Engineering Leadership versus Engineering Management: What's The Difference?
It has become a constant temptation to praise engineering leaders and undervalue engineering managers, but maybe we shouldn’t be focusing on their differences but on correctly understanding their roles.
An engineering manager’s job is to assemble a team that’s fit for the task at hand, to ensure that each team member has everything they need to do their job, track progress and remove roadblocks, and generally, to keep a steady course towards the desired outcomes. Nothing wrong with that now is there?
Problems arise once we begin expecting all engineering managers to, other than doing everything on the above list, also be incredibly inspiring visionaries. That isn’t possible. It’s also not necessary. Other than having a great power to inspire people to give their best, great engineering leaders also have a reputation of following their own path, questioning the status quo and inspiring people to walk alongside them, etc.
Now, imagine that every team would follow a different engineering leader. It sounds a little bit like a recipe for chaos and misalignment with a hint of disaster, wouldn’t you agree? While there is no doubt that engineering managers should work towards developing engineering leadership skills and use them to help their teams, their overall mission is different.
Why engineering managers matter?
In her book ‘A Guide for Tech Leaders Navigating Growth and Change
,’ Camille Fournier
, managing director and head of platform engineering at Two Sigma, and a former tech vice president at Goldman Sachs and CTO at Rent the Runway explain how quality engineering management is the salt and pepper of good engineering
, healthy workplaces, and profits.
She is challenging the idea that engineering management is a soft skill that is less worthy of being developed than hard engineering skills. Camille argues that building engineering management skills is not only a more challenging task than many software engineers seem to think it is, but it also a rewarding and fulfilling experience.
In Camille’s view, software engineers need to understand that:
organizations don’t grow just by having great engineers who can write code. Someone needs to coordinate them;on top of continuing to develop their technical expertise, engineering managers must also become skilled at coordinating resources and projects;a good place to start for engineers looking to take the management route is tech lead or mentoring interns or new joiners.
Both tech leads and mentors have an interesting and immensely useful challenge of influencing people without having any formal authority.
Along with ensuring clarity of direction, milestones, goals, and that the right people are focusing on the right things and that engineering managers are also responsible for helping team members develop professionally and grow their careers.
One of the caveats when it comes to being a good engineering manager is that you can’t manage others if you aren’t very good at managing yourself. Growing skills like grit (passion for a goad mixed with tenacity), listening, empathy, actively and constantly seeking out feedback and action on it, along with understanding that all the strategies in the world don’t add up to anything in the absence of good execution are the building blocks of getting a good grip on who we are as professional and then being able to manage others. Self-awareness, accountability, and a growth mindset are also a must.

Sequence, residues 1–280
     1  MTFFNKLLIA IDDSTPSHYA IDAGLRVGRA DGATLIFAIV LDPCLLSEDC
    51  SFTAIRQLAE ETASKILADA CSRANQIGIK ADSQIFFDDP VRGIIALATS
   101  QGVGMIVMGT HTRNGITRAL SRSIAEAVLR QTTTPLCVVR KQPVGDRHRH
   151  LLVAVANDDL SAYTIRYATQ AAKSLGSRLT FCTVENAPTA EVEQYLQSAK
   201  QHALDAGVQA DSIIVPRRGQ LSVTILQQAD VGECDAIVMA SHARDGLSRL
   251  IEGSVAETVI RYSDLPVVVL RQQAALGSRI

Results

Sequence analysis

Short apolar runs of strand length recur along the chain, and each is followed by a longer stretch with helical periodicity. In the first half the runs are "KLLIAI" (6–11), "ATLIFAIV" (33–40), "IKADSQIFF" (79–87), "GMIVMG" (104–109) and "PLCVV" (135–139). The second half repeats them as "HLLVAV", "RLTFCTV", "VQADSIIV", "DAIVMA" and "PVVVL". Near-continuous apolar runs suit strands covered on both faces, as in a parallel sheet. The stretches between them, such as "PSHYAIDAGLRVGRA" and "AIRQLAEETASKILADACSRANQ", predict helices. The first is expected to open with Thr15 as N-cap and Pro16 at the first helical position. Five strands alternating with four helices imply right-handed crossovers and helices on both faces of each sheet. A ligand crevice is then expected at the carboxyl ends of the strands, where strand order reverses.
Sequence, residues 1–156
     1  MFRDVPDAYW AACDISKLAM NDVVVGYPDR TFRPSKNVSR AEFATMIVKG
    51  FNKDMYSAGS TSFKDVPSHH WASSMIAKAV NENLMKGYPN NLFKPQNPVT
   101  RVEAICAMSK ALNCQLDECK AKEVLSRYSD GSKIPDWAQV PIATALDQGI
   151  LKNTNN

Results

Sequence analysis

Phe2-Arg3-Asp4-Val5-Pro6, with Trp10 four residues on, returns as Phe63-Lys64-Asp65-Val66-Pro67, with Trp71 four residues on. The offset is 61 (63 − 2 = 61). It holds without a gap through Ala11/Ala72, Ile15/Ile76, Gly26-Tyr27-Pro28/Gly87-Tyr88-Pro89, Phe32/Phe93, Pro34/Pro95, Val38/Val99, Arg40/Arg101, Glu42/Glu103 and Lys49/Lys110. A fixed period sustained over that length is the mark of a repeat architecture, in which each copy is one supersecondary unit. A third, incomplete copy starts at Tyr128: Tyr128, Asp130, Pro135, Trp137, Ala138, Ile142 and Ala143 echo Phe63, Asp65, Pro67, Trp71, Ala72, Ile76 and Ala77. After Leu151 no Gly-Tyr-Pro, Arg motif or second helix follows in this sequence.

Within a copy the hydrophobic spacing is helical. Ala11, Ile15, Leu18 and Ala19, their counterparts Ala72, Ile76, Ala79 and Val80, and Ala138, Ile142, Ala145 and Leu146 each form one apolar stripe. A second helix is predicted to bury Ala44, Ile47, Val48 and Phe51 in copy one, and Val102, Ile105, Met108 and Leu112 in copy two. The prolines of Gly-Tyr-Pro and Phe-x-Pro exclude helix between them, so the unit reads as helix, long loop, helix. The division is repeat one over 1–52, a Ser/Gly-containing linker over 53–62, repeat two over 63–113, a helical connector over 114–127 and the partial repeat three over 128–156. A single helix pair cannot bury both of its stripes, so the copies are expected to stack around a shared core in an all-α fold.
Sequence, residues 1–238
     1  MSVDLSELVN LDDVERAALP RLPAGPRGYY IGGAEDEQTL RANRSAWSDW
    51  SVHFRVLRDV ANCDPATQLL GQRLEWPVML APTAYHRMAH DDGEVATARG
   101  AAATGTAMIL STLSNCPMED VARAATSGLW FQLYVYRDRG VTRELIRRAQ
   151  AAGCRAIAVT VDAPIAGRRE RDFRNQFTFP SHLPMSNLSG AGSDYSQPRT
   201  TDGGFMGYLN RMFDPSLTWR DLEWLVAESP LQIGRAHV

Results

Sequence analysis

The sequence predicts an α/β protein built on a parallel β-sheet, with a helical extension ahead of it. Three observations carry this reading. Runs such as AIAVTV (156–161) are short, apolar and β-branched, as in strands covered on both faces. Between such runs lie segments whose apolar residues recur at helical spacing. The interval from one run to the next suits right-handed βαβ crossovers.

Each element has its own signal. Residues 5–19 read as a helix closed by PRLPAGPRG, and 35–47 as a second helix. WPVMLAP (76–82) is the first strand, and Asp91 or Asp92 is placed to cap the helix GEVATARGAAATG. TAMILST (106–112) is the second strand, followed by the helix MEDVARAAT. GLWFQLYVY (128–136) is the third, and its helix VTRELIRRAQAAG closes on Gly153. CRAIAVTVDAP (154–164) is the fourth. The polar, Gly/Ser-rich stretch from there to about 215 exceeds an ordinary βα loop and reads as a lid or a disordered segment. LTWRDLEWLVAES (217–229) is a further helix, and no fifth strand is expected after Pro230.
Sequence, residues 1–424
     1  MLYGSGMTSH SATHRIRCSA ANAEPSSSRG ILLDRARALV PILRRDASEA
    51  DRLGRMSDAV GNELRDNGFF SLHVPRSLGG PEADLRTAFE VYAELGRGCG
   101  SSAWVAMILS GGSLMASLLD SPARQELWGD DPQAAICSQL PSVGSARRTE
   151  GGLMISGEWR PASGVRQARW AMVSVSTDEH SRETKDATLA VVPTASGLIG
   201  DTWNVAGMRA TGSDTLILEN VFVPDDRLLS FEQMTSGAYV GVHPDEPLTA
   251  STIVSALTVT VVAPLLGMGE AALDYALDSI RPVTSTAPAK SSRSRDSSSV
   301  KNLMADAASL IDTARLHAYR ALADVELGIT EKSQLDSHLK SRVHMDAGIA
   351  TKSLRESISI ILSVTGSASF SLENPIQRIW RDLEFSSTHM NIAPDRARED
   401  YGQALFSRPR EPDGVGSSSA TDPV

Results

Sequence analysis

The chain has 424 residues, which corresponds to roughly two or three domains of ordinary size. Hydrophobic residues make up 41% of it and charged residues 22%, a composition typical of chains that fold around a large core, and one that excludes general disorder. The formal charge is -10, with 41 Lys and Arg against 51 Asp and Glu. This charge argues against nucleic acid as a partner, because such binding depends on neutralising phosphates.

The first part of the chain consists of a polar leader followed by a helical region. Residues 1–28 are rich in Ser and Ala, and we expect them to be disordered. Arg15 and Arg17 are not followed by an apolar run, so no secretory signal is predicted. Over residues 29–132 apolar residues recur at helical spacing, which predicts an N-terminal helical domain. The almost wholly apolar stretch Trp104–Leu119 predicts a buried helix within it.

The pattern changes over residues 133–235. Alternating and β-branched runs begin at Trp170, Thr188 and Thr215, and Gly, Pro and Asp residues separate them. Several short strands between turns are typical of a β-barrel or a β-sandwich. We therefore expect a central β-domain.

What makes a great engineering leader?
One key trait of any engineering leader is that they can inspire and “move” people (both metaphorically and literally), often in the absence of formal power or authority. We used to give charisma and gravitas great credit for those abilities — some people seemed to inspire trust and respect in others or could naturally and easily draw people towards them.
A more nuanced definition of a great engineering leader has become necessary, and charisma doesn’t seem to hold that much value in the new paradigm. In his ‘Good to Great
‘ bestseller book, Jim Collins
argues that being charismatic isn’t really an essential trait of a transformative engineering leader.
Instead, he points to attributes like knowledge, discipline, passion for what they do, but also humility, a sense of responsibility for their teams along with a deep desire to help others succeed.
Putting others’ interests first or at least being mindful of them is already a step in the right direction. Clearly, that’s no easy task. Ignoring selfish impulses is not only unnatural and against our nature, but the jobs get even more complicated when trying to fight biases that we are not even aware of having.
However, a genuine interest in others and the desire to help them grow and succeed is a recognizable trait in all engineering leaders.
And as if the list wasn’t long enough, already, popular leadership guru Simon Sinek
also adds the ability to create a culture governed by safety and mutual trust to the desired skills. In his view, a great engineering leader understands that a team’s strength lies in building on the trust shared by its members. Great engineering leaders develop and nurture a culture based on mutual trust.
Summing up, to succeed at any career — whether the aim is to become a Michelin starred chef or the CTO that leads its engineers towards unicorn status — a list of necessary skills and a strategy to achieve them is essential. Also, there are very few jobs or businesses where the ability to manage resources or to influence others is not only precious but also necessary. Whether a company needs more or better-engineering managers as opposed to engineering leaders, is a mix to be figured out case by case.
(The Author is the Founder at Waydev)
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